All 16 town councils submit clean accounts to ministry
Workers' Party's AHTC has clean financial statements for first time in eight years
For the first time in eight years, the Aljunied-Hougang Town Council (AHTC) run by the Workers' Party submitted clean accounts to the National Development Ministry, making this year a stellar occasion with all 16 town councils doing so.
The ministry disclosed the turnaround at AHTC yesterday when it released the latest Town Council Management Report (TCMR) for the period from April 2018 to March this year.
But the ministry also said it has asked AHTC why it did not require WP MPs Sylvia Lim and Low Thia Khiang to recuse themselves from financial decisions at the town council, after both were found by a judge to have breached their fiduciary duties in awarding a managing agent contract without tender.
The ministry also said that from the 2020 financial year, the lift performance indicator will be revised to consider such factors as the frequency and duration of lift faults.
"This will serve as a more direct measure of the experience of residents in using their lifts," it said.
The annual TCMR appraises town councils in five areas: estate cleanliness, estate maintenance, lift performance, management of arrears in service and conservancy charges (S&CC) and corporate governance.
This year, all were banded green, the best grade, in two areas: ensuring lifts did not break down too often and in collecting S&CC.
In fact, 12 town councils got all green grades, compared to eight last year.
Of the town councils with amber grades, AHTC and Jurong-Clementi Town Council (JCTC) got two each, while Holland-Bukit Panjang Town Council and Tampines Town Council got one each.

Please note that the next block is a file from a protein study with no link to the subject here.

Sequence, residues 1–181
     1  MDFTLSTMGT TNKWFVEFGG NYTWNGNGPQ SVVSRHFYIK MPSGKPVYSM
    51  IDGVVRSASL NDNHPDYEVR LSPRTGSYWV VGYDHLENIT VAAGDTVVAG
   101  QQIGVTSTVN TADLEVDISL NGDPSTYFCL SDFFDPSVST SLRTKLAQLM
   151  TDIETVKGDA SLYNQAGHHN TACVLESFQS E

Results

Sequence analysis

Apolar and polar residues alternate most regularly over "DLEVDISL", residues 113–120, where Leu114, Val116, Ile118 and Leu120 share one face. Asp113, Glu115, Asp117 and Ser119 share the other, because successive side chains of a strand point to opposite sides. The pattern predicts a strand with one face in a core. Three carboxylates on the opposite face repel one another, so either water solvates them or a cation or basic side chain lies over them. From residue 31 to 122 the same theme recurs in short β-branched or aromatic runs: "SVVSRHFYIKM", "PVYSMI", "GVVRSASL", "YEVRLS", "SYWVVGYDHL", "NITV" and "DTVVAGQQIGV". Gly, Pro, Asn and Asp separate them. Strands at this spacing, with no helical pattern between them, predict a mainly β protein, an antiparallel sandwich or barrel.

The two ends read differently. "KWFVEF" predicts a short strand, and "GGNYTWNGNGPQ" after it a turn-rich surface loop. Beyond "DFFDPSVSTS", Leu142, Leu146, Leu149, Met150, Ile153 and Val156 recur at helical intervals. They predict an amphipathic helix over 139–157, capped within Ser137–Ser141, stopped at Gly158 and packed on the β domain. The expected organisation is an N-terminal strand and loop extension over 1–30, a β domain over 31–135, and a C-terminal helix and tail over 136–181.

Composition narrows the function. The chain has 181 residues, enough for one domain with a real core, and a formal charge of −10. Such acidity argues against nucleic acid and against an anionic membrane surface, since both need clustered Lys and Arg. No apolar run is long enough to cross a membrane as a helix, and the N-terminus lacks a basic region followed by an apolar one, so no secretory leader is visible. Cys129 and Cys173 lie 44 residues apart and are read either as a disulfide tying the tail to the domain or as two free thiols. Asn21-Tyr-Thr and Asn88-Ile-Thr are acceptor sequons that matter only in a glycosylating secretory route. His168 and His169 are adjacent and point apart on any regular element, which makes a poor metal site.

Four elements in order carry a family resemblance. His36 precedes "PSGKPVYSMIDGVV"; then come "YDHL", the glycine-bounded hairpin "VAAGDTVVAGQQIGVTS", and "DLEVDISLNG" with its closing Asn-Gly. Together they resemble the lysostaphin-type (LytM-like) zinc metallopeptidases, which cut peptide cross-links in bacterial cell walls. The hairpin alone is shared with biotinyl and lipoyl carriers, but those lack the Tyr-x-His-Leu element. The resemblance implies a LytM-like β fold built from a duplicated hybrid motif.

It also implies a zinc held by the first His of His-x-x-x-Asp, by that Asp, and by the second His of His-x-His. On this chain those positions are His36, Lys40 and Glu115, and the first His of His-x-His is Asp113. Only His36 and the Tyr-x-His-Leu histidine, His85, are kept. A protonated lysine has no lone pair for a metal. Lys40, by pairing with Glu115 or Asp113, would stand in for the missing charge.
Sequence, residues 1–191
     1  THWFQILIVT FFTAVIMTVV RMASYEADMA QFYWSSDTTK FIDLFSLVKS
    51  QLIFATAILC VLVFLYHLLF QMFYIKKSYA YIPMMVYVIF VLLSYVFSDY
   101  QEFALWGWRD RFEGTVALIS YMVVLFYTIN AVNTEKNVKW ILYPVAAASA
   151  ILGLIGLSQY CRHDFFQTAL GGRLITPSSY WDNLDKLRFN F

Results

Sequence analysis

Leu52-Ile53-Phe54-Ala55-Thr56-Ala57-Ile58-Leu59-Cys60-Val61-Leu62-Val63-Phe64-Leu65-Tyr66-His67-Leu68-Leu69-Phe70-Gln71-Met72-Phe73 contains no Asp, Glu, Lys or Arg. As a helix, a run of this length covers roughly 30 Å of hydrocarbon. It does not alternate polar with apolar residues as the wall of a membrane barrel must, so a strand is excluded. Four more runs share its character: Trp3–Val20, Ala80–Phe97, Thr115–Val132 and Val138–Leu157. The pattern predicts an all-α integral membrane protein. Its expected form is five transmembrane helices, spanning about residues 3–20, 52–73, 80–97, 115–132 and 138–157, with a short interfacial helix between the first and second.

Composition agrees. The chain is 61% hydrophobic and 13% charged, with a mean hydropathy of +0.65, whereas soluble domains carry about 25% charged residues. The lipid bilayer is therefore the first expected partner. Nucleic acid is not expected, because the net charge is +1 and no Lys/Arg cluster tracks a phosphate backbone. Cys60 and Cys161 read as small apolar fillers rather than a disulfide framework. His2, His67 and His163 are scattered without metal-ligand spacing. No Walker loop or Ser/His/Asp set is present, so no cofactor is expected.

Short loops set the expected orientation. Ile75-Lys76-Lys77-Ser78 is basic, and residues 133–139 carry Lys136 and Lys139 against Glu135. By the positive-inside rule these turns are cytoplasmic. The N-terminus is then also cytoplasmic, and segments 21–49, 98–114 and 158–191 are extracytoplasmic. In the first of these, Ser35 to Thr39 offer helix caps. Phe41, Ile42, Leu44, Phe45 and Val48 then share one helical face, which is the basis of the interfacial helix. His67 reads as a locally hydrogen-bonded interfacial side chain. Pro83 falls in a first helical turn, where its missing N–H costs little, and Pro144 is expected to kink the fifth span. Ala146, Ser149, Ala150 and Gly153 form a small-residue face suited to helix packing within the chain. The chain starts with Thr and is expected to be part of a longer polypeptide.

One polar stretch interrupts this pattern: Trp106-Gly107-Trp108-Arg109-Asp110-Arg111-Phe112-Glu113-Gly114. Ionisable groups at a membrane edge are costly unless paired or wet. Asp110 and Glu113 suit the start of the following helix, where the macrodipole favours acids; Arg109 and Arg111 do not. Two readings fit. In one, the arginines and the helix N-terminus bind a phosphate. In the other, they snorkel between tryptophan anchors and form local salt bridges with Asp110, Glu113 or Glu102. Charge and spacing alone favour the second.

The annual TCMR was introduced in 2010 to spur performance of town councils, but some have dismissed it as politically motivated with opposition-run town councils having scored badly.
Since 2011, AHTC had submitted audited financial statements that were qualified by its auditors.
But not this year.
It helped AHTC get a green score for corporate governance, which measures compliance with the law in areas like awarding tenders.
The two areas in which AHTC got an amber grade were estate cleanliness and maintenance. This is based on data collected by Housing Board officers during estate inspections, and covers factors like whether corridors are obstructed.
Both JCTC and Tampines Town Council also got amber in estate maintenance.
Meanwhile, JCTC and Holland-Bukit Panjang Town Council were graded amber in corporate governance.
Holland-Bukit Panjang Town Council had collected charges for the use of the outdoor display area at Bangkit Art Street by retailers.
This goes beyond the provisions of the Town Councils (Use of Common Property) Rules, which requires that such areas be for incidental use by existing businesses.